When It’s Crunch Time, Be Agile, Be Ready…and Be Still

leap year 2020

February has been so busy we just had to have another day! (Happy Leap Day!)

At one point during this barrel race of a month I remarked to a coworker that I felt like I was back in high school doing last-minute run-throughs for one-act play contest.

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Taekwondo Is Who I Am

Melanie black belt meditating

I’m writing this at my desk on a quiet, pretty Sunday afternoon while I sip ginger kombucha to ease my perpetually irritated stomach, try not to feel overwhelmed about some assignments my managerial editor has given me for my book, and hope I wake up in time to jump on an 8 AM conference call.

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Black Belt Bravery: Be Honest About What You Want and Don’t Want

saying no

Recently my Master asked me if I wanted to do competition (forms and board breaking) or focus on testing for third Dan. Without hesitation I said I wanted to focus on third Dan. Breaking boards is fun as hell, but I’m not interested in competing. Continue reading “Black Belt Bravery: Be Honest About What You Want and Don’t Want”

Don’t Let Perfect Be the Enemy of Good

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“You can’t let perfect be the enemy of good.”

I was attending a three-day change management training with about 15 other people from various industries. We had been working on in-class projects and presentations, and one man from a well-known tech company casually said to a classmate as he plugged away at his project, “You can’t let perfect be the enemy of good.”

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Giving More By Taking Back

metal heart.jpg

“I’m very cautious about who has access to me lately. And it’s not out of arrogance. It’s out of the need to protect my space and energy as I continue to do the work to elevate myself. This chapter requires me to be a little less accessible.”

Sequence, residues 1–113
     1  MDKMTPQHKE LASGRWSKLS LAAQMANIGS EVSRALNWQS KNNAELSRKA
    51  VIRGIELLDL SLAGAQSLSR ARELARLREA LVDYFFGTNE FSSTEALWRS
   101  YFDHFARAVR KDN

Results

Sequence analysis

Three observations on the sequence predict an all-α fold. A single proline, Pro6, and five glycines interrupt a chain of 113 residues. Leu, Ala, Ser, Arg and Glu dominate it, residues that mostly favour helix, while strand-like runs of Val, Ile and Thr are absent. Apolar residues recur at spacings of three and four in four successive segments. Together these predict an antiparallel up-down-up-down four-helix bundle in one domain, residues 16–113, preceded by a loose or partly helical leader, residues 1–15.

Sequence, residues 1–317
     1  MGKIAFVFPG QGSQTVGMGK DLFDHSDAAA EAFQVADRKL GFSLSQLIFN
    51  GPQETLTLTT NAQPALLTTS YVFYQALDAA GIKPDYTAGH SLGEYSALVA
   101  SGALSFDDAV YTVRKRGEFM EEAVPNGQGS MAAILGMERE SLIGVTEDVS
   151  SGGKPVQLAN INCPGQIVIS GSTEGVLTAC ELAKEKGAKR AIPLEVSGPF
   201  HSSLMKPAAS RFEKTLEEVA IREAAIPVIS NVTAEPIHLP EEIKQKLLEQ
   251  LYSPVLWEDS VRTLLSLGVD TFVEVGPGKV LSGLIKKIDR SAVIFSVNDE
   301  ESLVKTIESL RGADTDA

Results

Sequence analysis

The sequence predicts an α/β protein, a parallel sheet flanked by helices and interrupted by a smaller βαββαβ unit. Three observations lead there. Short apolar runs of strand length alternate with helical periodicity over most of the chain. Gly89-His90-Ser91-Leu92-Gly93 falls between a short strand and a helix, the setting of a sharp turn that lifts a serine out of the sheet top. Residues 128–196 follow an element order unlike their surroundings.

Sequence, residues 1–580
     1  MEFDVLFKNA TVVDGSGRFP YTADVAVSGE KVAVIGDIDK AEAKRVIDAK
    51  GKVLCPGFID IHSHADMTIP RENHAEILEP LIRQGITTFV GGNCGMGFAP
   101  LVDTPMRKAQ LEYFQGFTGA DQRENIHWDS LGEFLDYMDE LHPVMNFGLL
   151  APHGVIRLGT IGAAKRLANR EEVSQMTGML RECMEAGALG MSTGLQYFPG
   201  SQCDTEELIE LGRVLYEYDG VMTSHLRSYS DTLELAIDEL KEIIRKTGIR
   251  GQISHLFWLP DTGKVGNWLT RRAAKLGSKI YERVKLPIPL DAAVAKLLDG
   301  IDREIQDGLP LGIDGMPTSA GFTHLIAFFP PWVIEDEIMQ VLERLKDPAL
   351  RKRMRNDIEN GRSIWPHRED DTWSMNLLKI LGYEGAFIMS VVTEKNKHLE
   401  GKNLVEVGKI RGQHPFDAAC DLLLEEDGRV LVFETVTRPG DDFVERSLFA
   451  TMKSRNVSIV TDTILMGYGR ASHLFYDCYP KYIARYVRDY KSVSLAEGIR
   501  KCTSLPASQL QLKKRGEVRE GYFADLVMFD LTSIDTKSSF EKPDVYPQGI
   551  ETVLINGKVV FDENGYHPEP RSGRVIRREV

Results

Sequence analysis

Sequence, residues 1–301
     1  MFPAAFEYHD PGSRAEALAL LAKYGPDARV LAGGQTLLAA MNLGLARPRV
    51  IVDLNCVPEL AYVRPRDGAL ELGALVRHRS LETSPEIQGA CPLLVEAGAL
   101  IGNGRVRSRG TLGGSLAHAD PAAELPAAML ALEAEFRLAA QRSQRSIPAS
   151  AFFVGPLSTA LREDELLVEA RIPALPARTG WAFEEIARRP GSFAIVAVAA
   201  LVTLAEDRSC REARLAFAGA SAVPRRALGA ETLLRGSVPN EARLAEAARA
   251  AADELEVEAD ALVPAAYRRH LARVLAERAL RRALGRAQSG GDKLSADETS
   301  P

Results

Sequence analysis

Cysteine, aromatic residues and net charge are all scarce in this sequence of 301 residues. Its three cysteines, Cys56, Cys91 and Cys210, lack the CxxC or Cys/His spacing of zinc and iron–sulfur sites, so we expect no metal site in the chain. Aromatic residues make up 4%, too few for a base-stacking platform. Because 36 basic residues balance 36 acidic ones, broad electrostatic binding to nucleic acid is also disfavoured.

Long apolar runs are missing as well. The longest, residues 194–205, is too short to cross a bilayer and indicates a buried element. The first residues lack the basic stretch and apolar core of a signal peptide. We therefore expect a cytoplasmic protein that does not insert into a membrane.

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Keeping It Fresh…Or, How To Be An Engaging Public Speaker

public speaking

Last Friday I was helping a coworker set up for a class he was teaching. It was one we had both taught at least ten times in the past and would teach many more times in the future. Before the class started he was jokingly saying to me and my manager that he was nervous.

You have to understand my coworker–he is larger than life, an incredible presenter, a talented singer, and a Toastmasters competitor. Public speaking is not something new or foreign to him.

“Is it stage fright?” I asked.

“No,” he said. “It’s a good kind of nervous. I always get this way before a class because I don’t want it to be stale. I want it to feel like the first time I’m teaching it for this audience.”
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Learn or Re-Learn Something New…So I’m Taking Up Classical Guitar Again

MG guitar
The dress, ring, and guitar live on, but I have graduated from the futon.

“I wouldn’t mind starting over as a white belt in another martial art.”

I’d half blurted, half muttered that comment to a friend I’d trained with at my old taekwondo school. We were talking about other martial arts that interested us. Having dabbled in hapkido self-defense training, I would like more formal training at that. Hapkido or judo–because throwing people on the floor is almost as fun as kicking them.
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What Commitment Are You Making to Yourself?

100 sand

I have a distinct memory of a decision I made on my fourth birthday.

I figured that since I was four it was about darn time I jumped off the high diving board at the community college pool where my dad taught swimming lessons in the summer. The earliest photo I have of being in that pool was dated when I was nine months old, so I was no stranger to the water. I don’t remember the climb up the 15-foot ladder, but I do remember plunging with glee like a little bullet into the pool.

That leap was a change. That leap was a commitment. That leap was a risk.

So what change, commitment, or leap can I take now that I’ve turned forty?
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The Fine Line Between Being Useful and Being Used (Or, Why I’m Skittish About Teaching Taekwondo Again)

Vectored illustration. Silouette of men pulling in different direction.

Years ago I heard the expression, “If you give an inch, [insert name] will take a mile.” I wonder if that is something inherent in the world of work or in American culture in general. It’s great to be recognized, rewarded for, and given the opportunity to make your talents shine, and there’s also a very fine line between being useful and being used.

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When Life Gets In the Way of Life

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Teach a four-hour workshop to thirty hospital leaders.

Renew driver’s license in person at the Texas DPS.

Get home in time to let in the plumber and plan for the dishwasher installer.

Keep up with meetings and work deadlines.

Pack for a trip to see family.

Catch a flight.

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